KAMDUNI (BARASAT): “Shut up”, West Bengal chief minister Mamata Banerjee
had shouted atKamduni women
on Monday. Her party toughs ensured they did. When TOI
visited the village
on Tuesday, the roar of a hundred women the previous day had been replaced by a deadening stillness.
Branded “CPM supporters” and browbeaten by the CM, the women shut up and shut themselves indoors. On Monday, they had rushed to their Didi simply to seek safety in an area where sexual brutality is the order of the day. Mamata’s outburst shocked them. Trinamool Congress‘ scare tactics silenced them.
Party toughs targeted Tumpa Koyal, who had gone eyeball to eyeball with Mamata on Monday, demanding that the Kamduni women be heard. Tumpa was a friend of the rape-murder victim and had studied with her till Class X. She had left her lunch on Monday and run after the CM, pleading to be heard. Mamata turned around and called her a CPM supporter.
On Tuesday, a rough-talking lungi-clad man, who identified himself as gram sabhapati Goutam Naskar, arrived at Tumpa’s doorstep along with seven-eight musclemen and threatened her parents, demanding that she apologize publicly for “insulting our beloved chief minister”.
“Mind it, this is for your own good,” he cautioned.
Luckily, her husband had whisked her away in the dead of night. Naskar then demanded her mobile number. Her parents said they didn’t have it. “You want me to believe that you don’t have your daughter’s contact number?” he thundered, warning everyone around that “party leaders” had started collecting “bio-data on all Kamduni women”.
Tumpa’s parents pleaded with folded hands to spare her, but Naskar shooed them away, saying Tumpa had to “stand in the middle of the village courtyard and confess she had committed a grave mistake”.
“Do you know how easy it is to get hold of someone’s mobile number,” Naskar warned her parents as he walked off.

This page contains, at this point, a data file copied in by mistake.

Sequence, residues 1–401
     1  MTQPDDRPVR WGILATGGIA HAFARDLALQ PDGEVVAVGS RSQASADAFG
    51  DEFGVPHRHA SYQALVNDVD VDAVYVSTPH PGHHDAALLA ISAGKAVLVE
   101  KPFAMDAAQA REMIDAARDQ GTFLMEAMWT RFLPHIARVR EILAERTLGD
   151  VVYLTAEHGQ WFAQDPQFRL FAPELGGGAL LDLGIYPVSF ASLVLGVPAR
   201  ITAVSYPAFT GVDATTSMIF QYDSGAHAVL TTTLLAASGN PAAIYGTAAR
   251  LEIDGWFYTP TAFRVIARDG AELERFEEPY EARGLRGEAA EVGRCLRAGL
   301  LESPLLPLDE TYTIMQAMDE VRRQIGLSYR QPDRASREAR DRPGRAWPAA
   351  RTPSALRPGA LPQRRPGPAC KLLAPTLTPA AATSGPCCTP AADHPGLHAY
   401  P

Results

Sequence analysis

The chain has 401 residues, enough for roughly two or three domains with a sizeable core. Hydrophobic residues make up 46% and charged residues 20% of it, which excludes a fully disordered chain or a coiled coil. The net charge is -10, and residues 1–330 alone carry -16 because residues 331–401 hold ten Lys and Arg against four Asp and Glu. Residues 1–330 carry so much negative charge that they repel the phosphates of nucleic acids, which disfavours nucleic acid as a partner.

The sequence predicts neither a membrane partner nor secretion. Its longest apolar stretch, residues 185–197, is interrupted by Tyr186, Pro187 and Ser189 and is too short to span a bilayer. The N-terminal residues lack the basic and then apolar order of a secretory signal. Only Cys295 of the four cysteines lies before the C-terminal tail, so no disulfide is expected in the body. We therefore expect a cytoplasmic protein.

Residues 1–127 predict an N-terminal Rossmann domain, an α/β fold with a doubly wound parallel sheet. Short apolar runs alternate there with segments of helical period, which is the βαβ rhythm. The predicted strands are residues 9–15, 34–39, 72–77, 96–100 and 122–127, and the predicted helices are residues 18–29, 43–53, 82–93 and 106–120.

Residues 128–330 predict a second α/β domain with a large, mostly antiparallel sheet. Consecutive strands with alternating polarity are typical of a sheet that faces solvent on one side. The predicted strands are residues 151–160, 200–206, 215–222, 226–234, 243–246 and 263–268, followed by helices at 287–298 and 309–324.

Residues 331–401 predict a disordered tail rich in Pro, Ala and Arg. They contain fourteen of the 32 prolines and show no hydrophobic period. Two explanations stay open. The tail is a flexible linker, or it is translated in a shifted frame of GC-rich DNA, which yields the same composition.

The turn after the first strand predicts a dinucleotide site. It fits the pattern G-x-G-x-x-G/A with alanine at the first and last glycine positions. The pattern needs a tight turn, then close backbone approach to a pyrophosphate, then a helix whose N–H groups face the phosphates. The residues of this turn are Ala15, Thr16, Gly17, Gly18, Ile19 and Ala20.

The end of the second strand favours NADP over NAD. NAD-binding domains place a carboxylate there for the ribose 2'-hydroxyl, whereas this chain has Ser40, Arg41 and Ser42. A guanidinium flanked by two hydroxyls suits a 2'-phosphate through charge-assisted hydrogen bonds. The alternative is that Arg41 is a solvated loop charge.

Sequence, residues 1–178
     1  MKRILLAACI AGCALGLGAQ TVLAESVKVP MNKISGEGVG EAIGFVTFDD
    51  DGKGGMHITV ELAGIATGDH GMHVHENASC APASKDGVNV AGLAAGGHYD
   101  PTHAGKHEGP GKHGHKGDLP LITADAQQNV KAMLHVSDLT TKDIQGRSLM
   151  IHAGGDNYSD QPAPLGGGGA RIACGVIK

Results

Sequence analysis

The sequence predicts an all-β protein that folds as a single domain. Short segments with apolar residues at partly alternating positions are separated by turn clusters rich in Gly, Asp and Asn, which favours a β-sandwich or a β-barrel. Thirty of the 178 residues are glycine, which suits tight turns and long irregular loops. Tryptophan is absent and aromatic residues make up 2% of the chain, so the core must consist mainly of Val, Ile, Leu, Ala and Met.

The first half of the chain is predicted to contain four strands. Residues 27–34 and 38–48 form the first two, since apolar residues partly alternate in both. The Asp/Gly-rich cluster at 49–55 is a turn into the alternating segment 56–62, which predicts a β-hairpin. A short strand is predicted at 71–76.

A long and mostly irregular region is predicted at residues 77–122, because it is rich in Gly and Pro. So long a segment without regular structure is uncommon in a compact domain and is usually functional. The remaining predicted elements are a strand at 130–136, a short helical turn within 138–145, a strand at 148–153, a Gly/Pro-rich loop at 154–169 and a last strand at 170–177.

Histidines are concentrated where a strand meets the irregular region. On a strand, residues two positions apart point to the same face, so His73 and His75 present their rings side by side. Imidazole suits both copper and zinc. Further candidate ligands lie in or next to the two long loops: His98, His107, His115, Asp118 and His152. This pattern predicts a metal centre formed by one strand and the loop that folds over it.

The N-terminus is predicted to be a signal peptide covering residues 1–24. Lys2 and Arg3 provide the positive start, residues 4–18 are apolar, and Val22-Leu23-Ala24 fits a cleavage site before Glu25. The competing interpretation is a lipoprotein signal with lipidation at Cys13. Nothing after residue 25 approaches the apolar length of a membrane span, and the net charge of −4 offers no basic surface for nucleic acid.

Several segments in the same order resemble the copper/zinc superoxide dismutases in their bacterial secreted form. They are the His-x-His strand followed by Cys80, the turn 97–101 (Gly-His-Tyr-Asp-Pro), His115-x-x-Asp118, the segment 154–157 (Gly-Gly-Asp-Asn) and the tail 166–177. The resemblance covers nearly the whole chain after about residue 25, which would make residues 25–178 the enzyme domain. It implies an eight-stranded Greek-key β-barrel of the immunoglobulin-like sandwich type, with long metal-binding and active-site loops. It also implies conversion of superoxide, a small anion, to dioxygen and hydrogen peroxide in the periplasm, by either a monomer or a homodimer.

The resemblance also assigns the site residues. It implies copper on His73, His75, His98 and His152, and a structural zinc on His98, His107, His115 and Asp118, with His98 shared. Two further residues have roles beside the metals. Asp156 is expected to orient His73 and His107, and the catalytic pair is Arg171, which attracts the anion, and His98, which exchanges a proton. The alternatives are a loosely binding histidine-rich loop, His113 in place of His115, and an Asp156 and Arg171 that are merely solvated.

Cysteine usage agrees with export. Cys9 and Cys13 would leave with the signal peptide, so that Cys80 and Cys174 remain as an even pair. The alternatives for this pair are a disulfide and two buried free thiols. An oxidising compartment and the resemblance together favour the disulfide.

The village courtyard, which was bustling for the past few days, looked deserted. The lanes were all but empty. The local school couldn’t even muster 30% attendance as the frightened villagers kept their kids indoors. Some women sitting at a tubewell scurried off when TOI tried to talk to them. One of them covered her face with her hands and said: “Don’t ask us anything. We haven’t seen anything, said anything or know anything. We don’t even exist.” The stink of fear was stifling.
It took an hour or so of knocking on doors before they opened up. “We ran after Didi just to tell our problems. We thought she would understand the village women’s fear. Instead, she treated us like dogs,” said Shankari Mondal. “She (Mamata Banerjee) has ruthlessly shattered our confidence. The message is clear to the culprits, they’ll reclaim their territory in a few days. The whole village fears the worst.”
Their fear is understandable, said Debu Mondal, a villager. “The women had lost all hope on the police and local leaders. Yesterday, they lost their last, very deep-rooted hope when Didi cursed them. Where will they go now?”
“We are scared. The whole village is tagged as ‘CPM’. Tell me, do you see a single CPM flag anywhere? This time, only one Left Front candidate could file his nomination in the 12 seats. Trinamool has a clean sweep here. We apprehend her anger will give rise to an evil force. We were only trying to bring some peace and stability in this unfortunate village,” said Poritosh Mondal, a farmer.
Another woman said: “We didn’t go for a movement. Didi was our last refuge. We just wanted to hold her hand but she let us down. We feel helpless. Who do we turn to?” Kamduni primary school headmaster Pradip Mukherjee understood the villagers’ plight. “When the villagers referred to her as ‘Didi’, how can they be in the opposition? The call ‘Didi’ itself is so affectionate and cordial. There must have been some miscommunication,” he said.
Tumpa’s father Probhas, a daily wage worker in a fishery, and her mother Molina were scared even to disclose their identity. “Look at our ramshackle hut. Do you think we work for CPM? My worry is whether I can feed my family the next meal,” said Probhas.
On the way back, we saw a young woman hurrying across the culvert on Bidyadhari canal, looking back now and then. It was just getting dark under a cloudy sky. A group of women armed with a lantern and torch emerged from a bylane and rebuked her for daring to move out alone “so late”. It was only 5.15pm. One of the women said: “Be careful. The times have changed.”